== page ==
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Students attend Build My Future Lee County career trade show

October 25, 2019
By CHUCK BALLARO ( , Cape Coral Daily Breeze

In Lee County, builders are having problems finding qualified people to perform the skilled labor needed to complete residential and commercial projects.

On Wednesday, the School District of Lee County and the Lee Building Industry Association held the second-annual Build My Future Lee County career trade show at the Lee Civic Center.

Frank Jenkins, president of the Lee BIA, said the main reason this show is put on is to address the severe labor shortage the construction industry faces.

Article Photos


From left, Savannah Harman and Crystal Nobles of Fort Myers High School and Jordan Lee of North Fort Myers High School at the second-annual Build My Future Lee County career trade show at the Lee Civic Center on Wednesday.

"We have shortages everywhere, from rental companies to mechanics. Our economy is good and we have high demand," Jenkins said. "For years, people have been taught the need to go to college. There are opportunities here for everybody."

College is not an option for everyone. For those in that situation, employment can be found right out of high school at a well-paying job in plumbing, masonry, electrical, air conditioning and much more.

These jobs can earn some people high salaries and the opportunity to run their own business without having to worry about paying off college debt.

Rita Davis, director of Adult and Career Education with the Lee County School System, said she wanted students to understand the opportunities.

"We are advocates for any workforce education whether with or without post-secondary education," Davis said. "We have framing and drywall and we're building a wall. We have solar and energy and you can learn to apply roof tile."

The career day trade show addressed the skilled workforce shortage within the building industry and all proceeds will aid in funding construction curriculum in Lee County Schools.

Superintendent of School Greg Adkins said he loves the event because it exposes students to what's out there.

"We have a need for this and the kids don't know what's out there. I think college gets overemphasized because you're talking about careers that are needed in this community," Adkins said. "The earning potential in these careers are sometimes higher than what you get with the college degree."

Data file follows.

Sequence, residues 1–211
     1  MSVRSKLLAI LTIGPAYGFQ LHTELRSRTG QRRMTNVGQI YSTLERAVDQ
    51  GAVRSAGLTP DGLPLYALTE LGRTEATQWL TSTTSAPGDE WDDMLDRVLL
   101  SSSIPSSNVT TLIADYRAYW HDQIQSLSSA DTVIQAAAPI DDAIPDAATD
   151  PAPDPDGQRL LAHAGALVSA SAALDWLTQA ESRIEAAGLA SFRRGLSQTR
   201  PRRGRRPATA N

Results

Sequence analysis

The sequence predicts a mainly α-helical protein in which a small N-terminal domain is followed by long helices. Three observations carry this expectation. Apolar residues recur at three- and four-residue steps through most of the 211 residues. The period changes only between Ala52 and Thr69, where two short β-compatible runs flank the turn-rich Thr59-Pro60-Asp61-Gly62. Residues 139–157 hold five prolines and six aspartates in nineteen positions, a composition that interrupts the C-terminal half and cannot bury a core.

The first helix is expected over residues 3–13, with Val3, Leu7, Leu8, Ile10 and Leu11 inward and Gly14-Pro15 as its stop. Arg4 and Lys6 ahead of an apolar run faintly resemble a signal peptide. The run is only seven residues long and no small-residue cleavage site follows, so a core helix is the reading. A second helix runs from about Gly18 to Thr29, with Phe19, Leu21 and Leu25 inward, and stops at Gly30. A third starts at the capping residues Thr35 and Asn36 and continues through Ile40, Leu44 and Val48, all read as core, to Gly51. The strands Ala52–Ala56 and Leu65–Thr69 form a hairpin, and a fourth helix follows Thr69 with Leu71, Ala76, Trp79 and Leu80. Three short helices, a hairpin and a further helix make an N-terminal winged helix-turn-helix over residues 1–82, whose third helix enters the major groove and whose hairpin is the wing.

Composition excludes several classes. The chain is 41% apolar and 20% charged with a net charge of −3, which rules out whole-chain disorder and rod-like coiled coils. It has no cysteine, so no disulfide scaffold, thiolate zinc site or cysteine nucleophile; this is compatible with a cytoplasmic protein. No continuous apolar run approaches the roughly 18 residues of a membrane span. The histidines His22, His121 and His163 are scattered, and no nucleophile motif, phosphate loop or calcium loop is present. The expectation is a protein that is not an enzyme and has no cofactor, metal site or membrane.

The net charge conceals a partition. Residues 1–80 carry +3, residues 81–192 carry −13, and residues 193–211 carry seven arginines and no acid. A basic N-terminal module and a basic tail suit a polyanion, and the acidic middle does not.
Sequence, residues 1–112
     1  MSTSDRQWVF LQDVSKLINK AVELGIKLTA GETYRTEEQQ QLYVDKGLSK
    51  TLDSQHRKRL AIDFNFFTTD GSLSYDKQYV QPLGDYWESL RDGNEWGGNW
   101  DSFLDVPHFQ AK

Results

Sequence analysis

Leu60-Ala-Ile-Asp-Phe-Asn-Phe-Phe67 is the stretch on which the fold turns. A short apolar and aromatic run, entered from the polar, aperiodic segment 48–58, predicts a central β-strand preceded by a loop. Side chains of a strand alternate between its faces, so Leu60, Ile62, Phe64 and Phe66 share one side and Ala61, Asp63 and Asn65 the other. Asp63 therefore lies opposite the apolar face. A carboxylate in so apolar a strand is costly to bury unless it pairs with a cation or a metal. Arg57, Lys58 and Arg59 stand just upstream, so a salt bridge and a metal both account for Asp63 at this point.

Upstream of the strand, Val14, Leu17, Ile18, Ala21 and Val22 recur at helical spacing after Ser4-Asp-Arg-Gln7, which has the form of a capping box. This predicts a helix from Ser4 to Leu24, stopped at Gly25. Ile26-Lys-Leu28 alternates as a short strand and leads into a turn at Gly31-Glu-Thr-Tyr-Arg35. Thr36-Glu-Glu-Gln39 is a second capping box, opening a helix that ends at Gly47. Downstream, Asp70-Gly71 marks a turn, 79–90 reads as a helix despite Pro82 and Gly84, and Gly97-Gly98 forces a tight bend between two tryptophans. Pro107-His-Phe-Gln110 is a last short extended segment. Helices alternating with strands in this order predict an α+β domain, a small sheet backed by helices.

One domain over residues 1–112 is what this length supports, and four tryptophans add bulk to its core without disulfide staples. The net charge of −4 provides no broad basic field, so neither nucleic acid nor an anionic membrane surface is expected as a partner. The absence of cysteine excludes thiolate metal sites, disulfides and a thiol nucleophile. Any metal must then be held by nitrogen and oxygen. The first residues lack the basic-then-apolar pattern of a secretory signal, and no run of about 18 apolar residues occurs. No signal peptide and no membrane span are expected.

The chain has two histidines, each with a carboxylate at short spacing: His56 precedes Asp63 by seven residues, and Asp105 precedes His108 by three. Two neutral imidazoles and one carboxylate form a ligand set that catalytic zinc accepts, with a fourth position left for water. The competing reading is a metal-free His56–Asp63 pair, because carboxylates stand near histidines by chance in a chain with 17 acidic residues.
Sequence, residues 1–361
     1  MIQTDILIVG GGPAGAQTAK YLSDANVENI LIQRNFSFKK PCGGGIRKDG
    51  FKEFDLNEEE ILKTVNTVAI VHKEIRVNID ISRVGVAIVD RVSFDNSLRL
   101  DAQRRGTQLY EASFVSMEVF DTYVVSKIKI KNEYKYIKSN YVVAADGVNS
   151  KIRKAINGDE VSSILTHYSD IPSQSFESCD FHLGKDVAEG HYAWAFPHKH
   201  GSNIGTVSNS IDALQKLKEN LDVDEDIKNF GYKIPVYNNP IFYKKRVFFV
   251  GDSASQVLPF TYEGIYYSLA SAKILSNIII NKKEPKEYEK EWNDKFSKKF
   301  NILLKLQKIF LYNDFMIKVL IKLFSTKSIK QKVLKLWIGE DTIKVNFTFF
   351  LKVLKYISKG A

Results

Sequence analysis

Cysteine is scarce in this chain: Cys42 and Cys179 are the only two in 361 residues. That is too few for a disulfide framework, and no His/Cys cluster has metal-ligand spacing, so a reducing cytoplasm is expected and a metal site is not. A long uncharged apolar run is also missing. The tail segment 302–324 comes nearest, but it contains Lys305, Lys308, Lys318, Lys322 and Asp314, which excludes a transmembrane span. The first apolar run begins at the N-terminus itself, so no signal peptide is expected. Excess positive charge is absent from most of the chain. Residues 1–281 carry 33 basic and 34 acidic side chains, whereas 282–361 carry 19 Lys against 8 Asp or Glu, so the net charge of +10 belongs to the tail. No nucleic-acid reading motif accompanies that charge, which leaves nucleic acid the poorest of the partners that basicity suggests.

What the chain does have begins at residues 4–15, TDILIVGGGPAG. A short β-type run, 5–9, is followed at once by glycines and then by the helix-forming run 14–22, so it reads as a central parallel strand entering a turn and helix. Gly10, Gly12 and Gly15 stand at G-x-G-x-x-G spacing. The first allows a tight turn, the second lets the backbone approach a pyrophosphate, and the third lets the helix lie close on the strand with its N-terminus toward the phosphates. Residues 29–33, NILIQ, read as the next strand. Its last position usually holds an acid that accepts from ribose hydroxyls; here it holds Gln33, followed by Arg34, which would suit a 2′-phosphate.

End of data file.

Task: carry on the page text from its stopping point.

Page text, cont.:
Indeed, Angie Gartin, vice president of the Cape Coral Mayors Scholarship Fund, was there to research the possibility of adding a scholarship for students seeking a trade at a tech school for the first time.

The career day showcase allowed students to connect with industry-related employers and tech schools.

More than 700 students got hands-on introduction by going from booth to booth to see what it's like to build a bridge, fix an A/C system, lay bricks, move machinery and more.

Bill Johnson Jr., executive director of the Cape Coral Construction Industry Association, said the ability to show kids how strong the industry is and the jobs that are available makes for a great alternative to college.

"Skilled labor is one of the biggest inquiries we get from our members. There isn't enough help to go around and this event shows the next generation that you can make a great living in the trades," Johnson said. "A lot of these jobs you can get into right out of high school."

Among those who came to the show was Jordan Lee, a senior at North Fort Myers High School, whose father owns Lee Drywall Inc. She pointed to her father's work ethic as an inspiration.

"I want to go into marine biology at FGCU, but my dad is a big role model in my life and he tells me if I work hard enough, I can get somewhere," Lee said. "He busts his butt and makes a great impression on people."

Lisandra Marrero of Mariner High School, said she liked all the building industry activities.

"There are a lot of interesting things I may like to pursue. There is a lot of cool stuff here," Marrero said. "I would be the first person to take up a trade in my family."



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